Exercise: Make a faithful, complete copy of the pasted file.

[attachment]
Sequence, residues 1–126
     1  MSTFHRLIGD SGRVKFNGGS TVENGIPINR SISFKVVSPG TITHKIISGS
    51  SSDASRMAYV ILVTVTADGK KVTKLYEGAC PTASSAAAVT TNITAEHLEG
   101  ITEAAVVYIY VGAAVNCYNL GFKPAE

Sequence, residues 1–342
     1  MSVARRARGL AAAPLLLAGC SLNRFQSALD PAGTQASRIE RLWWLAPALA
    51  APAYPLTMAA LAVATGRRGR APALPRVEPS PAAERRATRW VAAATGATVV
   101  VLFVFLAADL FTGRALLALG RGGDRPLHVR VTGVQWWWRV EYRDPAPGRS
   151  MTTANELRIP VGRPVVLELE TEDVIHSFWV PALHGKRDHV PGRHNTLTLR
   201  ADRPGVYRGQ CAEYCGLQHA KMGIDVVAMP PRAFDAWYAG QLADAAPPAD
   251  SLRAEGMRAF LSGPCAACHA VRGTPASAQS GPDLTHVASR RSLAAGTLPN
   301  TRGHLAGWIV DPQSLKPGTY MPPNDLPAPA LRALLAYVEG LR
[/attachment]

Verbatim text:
Sequence, residues 1–126
     1  MSTFHRLIGD SGRVKFNGGS TVENGIPINR SISFKVVSPG TITHKIISGS
    51  SSDASRMAYV ILVTVTADGK KVTKLYEGAC PTASSAAAVT TNITAEHLEG
   101  ITEAAVVYIY VGAAVNCYNL GFKPAE

Sequence, residues 1–342
     1  MSVARRARGL AAAPLLLAGC SLNRFQSALD PAGTQASRIE RLWWLAPALA
    51  APAYPLTMAA LAVATGRRGR APALPRVEPS PAAERRATRW VAAATGATVV
   101  VLFVFLAADL FTGRALLALG RGGDRPLHVR VTGVQWWWRV EYRDPAPGRS
   151  MTTANELRIP VGRPVVLELE TEDVIHSFWV PALHGKRDHV PGRHNTLTLR
   201  ADRPGVYRGQ CAEYCGLQHA KMGIDVVAMP PRAFDAWYAG QLADAAPPAD
   251  SLRAEGMRAF LSGPCAACHA VRGTPASAQS GPDLTHVASR RSLAAGTLPN
   301  TRGHLAGWIV DPQSLKPGTY MPPNDLPAPA LRALLAYVEG LR